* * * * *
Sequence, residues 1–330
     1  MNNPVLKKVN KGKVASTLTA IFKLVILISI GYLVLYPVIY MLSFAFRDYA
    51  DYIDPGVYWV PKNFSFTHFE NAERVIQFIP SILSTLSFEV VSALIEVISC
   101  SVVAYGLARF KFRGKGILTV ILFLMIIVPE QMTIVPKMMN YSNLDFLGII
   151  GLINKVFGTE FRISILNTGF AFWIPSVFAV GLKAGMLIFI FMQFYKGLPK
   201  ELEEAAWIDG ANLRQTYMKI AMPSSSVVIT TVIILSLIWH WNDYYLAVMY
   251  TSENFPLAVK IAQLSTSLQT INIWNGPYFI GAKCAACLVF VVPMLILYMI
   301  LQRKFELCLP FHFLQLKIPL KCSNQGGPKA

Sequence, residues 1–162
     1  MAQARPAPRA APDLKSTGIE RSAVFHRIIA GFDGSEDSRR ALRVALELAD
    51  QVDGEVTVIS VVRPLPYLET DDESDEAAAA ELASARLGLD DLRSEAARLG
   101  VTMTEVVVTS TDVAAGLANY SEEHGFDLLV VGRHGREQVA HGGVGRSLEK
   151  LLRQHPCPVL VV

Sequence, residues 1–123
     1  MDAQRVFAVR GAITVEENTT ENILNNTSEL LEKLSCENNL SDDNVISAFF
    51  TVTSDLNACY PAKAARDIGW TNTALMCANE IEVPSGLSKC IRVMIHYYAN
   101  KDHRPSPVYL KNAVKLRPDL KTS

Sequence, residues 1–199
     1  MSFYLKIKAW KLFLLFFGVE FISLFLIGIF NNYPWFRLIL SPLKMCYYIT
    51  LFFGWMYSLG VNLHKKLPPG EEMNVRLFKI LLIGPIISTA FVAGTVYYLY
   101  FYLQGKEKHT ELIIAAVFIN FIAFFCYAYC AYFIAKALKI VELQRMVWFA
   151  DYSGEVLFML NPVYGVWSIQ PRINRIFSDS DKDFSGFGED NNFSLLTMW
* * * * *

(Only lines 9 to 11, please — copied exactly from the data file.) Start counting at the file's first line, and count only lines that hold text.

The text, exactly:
Sequence, residues 1–162
     1  MAQARPAPRA APDLKSTGIE RSAVFHRIIA GFDGSEDSRR ALRVALELAD
    51  QVDGEVTVIS VVRPLPYLET DDESDEAAAA ELASARLGLD DLRSEAARLG